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  • For many years, I worked at a science museum. Among other activities, I collected dead animals. I wanted their pelts, their bones and their skulls. I used them in the huge science program that I coordinated in the inner city schools.

    By showing animal teeth, I could teach what animals ate and how they survived in the world. We learned about herbivores, carnivores and omnivores. I wanted the skulls because they were useful, because they were teaching tools, because the kids were interested and eager to interact with them.

    In addition to that, I wanted skulls for myself. I found them fascinating. I found them compelling. They lived in my dreams. I fancied myself a kind of shaman.

    At age ten, I dragged home a dead fox and my father helped me dig a hole to bury it so that I could dig up its bones. I continued bringing home dead animals my entire childhood. When my parents bought me a book called How to build a Miniature Museum, I was thrilled, and set about doing just that in my bedroom. I had patient, indulgent parents.

    In a way, it seemed fitting that I found a job in museum. When I applied for and received my Permit to Collect and Possess, I was ecstatic. My friends were impressed.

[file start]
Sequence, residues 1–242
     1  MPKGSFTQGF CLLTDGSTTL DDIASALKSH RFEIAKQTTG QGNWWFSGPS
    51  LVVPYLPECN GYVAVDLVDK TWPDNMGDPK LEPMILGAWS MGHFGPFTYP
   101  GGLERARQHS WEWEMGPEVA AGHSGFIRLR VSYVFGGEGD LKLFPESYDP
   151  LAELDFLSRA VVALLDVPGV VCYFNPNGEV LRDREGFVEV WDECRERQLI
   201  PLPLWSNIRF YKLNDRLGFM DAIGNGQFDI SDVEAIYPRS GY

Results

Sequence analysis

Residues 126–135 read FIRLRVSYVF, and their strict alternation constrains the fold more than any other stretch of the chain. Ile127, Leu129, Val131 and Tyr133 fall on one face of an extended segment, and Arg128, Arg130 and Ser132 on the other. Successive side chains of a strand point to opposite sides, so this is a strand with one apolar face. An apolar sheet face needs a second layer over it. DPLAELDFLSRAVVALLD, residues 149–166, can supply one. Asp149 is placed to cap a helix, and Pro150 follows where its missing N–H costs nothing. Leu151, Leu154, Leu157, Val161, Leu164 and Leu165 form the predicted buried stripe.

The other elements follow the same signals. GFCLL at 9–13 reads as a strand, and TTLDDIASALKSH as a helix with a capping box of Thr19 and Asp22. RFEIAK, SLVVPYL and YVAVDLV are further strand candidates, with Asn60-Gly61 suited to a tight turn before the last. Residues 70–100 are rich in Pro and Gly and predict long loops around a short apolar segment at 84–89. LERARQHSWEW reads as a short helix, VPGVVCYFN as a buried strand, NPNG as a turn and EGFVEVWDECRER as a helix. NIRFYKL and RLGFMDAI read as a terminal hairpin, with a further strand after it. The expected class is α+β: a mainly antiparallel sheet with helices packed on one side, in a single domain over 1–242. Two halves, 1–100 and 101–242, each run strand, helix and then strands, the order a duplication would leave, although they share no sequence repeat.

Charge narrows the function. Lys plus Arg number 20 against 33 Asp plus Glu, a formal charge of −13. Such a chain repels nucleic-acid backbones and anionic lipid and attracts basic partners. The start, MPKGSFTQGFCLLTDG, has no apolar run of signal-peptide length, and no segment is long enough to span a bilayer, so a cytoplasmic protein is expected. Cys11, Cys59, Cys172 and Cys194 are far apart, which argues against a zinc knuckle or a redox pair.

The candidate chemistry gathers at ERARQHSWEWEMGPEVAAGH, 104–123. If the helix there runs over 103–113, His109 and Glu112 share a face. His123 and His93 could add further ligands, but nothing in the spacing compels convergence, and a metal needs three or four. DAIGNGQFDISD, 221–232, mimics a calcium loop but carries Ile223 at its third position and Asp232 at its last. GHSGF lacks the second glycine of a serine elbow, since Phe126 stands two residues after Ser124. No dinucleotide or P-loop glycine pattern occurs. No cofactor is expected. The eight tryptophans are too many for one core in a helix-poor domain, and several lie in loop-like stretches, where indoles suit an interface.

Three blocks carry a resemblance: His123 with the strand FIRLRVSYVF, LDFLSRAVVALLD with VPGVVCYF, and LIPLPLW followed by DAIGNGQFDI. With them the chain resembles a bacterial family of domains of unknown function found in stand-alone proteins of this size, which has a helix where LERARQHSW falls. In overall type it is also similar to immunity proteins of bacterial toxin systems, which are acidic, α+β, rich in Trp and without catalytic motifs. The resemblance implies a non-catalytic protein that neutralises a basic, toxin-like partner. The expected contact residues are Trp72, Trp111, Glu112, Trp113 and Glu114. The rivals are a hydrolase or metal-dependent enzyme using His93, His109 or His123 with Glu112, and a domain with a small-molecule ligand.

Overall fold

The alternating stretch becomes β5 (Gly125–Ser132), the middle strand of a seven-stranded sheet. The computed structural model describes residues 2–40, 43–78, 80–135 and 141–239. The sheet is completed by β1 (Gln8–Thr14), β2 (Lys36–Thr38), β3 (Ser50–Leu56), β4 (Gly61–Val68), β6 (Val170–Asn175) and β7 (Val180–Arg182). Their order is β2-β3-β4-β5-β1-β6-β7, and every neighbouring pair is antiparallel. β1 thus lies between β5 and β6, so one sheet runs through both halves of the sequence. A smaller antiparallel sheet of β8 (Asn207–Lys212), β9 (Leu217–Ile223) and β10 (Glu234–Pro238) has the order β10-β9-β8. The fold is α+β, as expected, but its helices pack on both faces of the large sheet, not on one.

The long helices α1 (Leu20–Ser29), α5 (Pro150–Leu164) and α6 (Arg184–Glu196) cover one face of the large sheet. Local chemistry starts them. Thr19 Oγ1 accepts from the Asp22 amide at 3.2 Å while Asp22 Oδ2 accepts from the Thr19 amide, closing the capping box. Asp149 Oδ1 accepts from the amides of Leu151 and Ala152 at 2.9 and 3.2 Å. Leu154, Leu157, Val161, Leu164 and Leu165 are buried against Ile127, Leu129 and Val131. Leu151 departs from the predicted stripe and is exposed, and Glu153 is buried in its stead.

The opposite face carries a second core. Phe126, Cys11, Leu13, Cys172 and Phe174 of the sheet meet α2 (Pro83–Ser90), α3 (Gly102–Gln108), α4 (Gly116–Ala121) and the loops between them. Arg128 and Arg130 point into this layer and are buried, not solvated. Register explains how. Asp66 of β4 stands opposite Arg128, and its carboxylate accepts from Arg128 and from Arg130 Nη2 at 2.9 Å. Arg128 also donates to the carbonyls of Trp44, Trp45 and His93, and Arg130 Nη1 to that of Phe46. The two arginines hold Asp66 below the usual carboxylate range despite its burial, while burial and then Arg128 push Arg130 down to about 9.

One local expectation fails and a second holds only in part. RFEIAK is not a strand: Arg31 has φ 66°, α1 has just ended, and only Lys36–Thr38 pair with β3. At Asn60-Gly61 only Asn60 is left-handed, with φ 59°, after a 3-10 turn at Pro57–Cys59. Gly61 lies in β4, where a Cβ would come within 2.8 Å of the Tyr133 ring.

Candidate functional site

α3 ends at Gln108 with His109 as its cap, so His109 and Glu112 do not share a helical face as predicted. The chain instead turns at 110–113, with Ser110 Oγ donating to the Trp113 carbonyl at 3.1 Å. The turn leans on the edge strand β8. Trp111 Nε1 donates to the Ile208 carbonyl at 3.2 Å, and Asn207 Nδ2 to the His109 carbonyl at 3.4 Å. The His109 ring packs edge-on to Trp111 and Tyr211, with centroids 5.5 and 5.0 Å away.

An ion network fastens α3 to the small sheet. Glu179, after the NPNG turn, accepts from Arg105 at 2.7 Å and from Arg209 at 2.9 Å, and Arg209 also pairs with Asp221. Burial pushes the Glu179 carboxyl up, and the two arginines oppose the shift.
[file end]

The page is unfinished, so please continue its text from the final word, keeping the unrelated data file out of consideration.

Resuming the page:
It turns out I didn't really need it. The permit was designed for people who KILL animals to collect and possess. I never did that. I took only those who died of natural causes, or perhaps at the hand of other humans, without my involvement. Even knowing I didn't need it, the permit was precious to me. I considered framing it, but always carried it, just in case.

    Now, after leaving the museum and moving, my skulls reside in bins and my permit is hidden among piles of unsorted papers, maybe lost forever. My son hides the skulls on the mantle when he has company. I took most of the skulls out of the back window of my car after a problem border crossing.

    Skulls still live my dreams, and I still am attracted to animal sites, hoping for some new treasure. I wish no harm to any animal, only the opportunity to see the hints of the afterlife they leave behind when they depart.
  • illustration: Eagle skull, by me
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